Cab aggregators are once again in news for the wrong reasons after an Ola cab driver misbehaved with a 34-year-old woman passenger and even threatened to kill her when she raised an alarm.
But what followed was worse. The woman, a software engineer, immediately called the Ola emergency number following which they asked her to check if the driver was drunk. She later pressed the emergency button on the Ola app but received a message asking her to dial 100. After the aggregator failed to help her, she said she was lucky to be saved by the public.
Reacting to the incident, an Ola spokesperson said, “We regret the unfortunate incident and have immediately terminated the driver-partner from the platform upon receiving the complaint.”
Shruthi G (name changed), an employee at a software company at Bagmane Tech Park in Mahadevapura, booked an Ola cab after her work in the evening of January 3. She booked pick-up stops at two locations as she had to pick her four-year-old daughter from the day-care centre, which is 2 km away from her house.
However, around 6.22 pm, when the cab reached Malleshpalya near Kids Castle, the driver did not stop the vehicle. He asked her to get down at the last drop location. She told him to stop and tried to open the doors but he locked the doors, insisting that she sit in the car. When she resisted, he held her hands and abused her; he even threatened to kill her if she raised an alarm.
The victim said she pressed the emergency button on the app twice but only got a message advising her to call the police.
When she called the Ola emergency number, the person at the other end asked about her condition and to check whether the driver was drunk. They called back after one-and-a-half hours when she was filing a complaint at the police station.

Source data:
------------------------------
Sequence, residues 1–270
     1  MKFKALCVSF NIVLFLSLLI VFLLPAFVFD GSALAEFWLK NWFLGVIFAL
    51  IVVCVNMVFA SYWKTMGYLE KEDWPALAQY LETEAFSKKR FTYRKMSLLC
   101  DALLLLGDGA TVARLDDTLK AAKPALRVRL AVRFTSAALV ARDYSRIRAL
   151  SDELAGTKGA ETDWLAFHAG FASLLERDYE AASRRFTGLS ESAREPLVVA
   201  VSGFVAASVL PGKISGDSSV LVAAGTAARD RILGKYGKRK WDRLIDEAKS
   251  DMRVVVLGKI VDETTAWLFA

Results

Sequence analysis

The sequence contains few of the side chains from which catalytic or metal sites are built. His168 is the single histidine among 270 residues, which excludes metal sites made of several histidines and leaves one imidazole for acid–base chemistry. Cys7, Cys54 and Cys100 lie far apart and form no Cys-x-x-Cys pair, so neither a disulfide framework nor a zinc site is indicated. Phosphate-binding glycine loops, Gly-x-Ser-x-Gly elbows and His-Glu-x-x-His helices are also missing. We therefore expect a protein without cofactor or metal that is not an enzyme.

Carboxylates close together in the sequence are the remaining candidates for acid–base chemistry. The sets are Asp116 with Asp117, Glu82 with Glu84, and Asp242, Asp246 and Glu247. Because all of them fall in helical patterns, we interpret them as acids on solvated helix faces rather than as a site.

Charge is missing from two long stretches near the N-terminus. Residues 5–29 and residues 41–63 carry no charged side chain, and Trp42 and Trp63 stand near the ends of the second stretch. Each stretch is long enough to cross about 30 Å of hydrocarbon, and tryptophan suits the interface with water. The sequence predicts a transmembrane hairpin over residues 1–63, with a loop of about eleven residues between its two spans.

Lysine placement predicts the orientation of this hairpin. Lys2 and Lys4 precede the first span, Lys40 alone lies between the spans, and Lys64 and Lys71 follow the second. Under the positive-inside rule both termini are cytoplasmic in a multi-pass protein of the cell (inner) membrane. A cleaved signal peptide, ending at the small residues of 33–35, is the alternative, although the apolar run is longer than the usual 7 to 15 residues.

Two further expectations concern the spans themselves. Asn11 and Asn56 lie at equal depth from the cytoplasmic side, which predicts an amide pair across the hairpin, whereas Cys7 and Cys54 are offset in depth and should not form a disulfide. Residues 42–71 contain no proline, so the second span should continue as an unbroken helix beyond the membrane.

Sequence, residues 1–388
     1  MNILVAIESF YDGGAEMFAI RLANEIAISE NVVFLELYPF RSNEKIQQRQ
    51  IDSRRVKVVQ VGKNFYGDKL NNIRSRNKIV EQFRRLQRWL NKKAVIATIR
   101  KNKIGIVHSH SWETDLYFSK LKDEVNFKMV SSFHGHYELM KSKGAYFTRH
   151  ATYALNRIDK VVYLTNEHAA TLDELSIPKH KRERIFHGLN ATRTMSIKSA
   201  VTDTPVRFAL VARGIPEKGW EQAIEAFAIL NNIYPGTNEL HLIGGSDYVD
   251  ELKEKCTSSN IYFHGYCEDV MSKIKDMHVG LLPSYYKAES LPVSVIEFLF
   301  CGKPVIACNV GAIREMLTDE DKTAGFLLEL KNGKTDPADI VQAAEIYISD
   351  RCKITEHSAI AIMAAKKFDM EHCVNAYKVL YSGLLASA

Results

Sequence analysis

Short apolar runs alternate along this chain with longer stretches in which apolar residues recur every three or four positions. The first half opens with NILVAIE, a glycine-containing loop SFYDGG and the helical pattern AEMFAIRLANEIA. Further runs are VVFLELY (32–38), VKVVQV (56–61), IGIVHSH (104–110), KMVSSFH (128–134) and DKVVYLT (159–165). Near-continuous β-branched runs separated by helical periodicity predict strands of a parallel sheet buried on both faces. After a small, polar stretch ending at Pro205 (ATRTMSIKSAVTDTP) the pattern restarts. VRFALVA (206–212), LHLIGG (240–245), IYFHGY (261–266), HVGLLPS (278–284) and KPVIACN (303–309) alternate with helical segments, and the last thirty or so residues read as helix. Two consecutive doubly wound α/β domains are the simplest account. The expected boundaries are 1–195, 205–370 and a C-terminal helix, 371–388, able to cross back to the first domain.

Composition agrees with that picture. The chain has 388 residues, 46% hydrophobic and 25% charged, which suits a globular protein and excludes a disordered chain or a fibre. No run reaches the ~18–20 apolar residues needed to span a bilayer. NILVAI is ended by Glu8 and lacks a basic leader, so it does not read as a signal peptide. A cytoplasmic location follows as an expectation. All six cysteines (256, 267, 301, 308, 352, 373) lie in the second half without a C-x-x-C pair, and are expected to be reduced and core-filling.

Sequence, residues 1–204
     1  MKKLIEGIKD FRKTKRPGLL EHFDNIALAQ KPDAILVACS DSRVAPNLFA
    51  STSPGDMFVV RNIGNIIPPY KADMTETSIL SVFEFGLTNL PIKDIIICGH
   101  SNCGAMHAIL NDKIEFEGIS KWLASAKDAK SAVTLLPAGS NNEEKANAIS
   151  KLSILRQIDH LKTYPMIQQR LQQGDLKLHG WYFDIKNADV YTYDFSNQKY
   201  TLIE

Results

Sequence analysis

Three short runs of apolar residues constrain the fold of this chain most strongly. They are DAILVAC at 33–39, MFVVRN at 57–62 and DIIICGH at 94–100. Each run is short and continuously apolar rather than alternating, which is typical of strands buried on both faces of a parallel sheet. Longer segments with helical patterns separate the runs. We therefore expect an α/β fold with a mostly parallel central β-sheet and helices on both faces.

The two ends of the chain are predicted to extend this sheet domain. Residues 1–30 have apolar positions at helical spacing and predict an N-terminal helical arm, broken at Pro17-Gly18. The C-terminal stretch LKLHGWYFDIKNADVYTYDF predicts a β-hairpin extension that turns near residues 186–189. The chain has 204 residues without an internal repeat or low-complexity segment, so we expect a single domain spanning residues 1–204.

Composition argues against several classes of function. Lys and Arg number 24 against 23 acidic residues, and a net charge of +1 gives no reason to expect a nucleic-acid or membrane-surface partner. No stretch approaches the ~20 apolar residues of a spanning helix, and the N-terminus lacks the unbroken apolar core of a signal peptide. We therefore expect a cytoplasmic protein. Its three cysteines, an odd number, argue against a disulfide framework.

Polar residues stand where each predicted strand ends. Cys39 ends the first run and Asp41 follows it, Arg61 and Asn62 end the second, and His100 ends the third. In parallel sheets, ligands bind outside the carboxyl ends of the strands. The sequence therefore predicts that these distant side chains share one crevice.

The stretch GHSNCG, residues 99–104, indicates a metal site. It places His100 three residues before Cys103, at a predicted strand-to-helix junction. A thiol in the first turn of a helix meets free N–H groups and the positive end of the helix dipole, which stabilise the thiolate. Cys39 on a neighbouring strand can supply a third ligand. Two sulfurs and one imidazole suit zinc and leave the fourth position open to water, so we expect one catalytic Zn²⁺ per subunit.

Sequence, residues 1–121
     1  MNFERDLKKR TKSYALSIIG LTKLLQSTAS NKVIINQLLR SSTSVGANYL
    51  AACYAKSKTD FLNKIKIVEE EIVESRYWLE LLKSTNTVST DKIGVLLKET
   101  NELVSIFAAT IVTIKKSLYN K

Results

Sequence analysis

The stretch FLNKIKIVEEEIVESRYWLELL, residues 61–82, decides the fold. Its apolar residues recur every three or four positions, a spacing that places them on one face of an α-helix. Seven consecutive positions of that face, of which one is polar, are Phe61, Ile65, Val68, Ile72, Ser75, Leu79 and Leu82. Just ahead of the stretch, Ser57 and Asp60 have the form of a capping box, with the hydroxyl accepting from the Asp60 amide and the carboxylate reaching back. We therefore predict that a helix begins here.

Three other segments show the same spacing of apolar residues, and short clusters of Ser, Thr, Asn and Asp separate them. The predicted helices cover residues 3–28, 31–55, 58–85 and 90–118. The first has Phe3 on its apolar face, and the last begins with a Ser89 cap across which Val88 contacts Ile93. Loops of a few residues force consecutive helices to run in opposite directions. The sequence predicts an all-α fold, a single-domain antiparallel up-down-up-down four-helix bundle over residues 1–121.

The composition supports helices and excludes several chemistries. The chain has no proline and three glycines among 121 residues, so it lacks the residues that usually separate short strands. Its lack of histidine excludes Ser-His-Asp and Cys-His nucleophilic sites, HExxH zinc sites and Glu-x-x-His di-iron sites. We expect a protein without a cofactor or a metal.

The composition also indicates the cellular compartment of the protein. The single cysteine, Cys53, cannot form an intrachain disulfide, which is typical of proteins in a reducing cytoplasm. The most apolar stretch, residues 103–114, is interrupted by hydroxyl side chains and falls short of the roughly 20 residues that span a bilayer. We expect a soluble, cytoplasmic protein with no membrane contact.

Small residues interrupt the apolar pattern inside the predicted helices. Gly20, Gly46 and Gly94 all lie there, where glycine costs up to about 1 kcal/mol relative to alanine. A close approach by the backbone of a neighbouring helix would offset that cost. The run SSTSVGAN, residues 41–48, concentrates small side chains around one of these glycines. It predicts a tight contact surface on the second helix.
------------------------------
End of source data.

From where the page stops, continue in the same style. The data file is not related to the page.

“Ola did not make any efforts to reach out to the police or do anything to track my location and help me in that situation,” she said.
The victim called 100 and the staffer at the control room asked her which area she was in. Since she was familiar with the area, Shruthi was able to give her location.
“First they told me that the area comes under Baiyappanahalli. Later, they said it comes under HAL. Finally, they figured out the location. It took 20 minutes for the police to reach the spot,” she said.
What saved Shruti was her sheer instinct and luck. Alone in the cab, she started raising an alarm. Luckily, commuters in the other vehicles next to the cab noticed her screaming for help and stopped the driver.
“If this is the kind of security Ola provides its customer, it is very questionable,” she said. “If we have to really call the police during an emergency then why they put out the number and emergency button, it’s a waste of time during that crucial situation. If they directly told us to dial 100 during an emergency, it will save time. Lakhs of commuters take Ola cabs thinking it is safe but they have no mechanism to check their drivers and track their customers in danger.”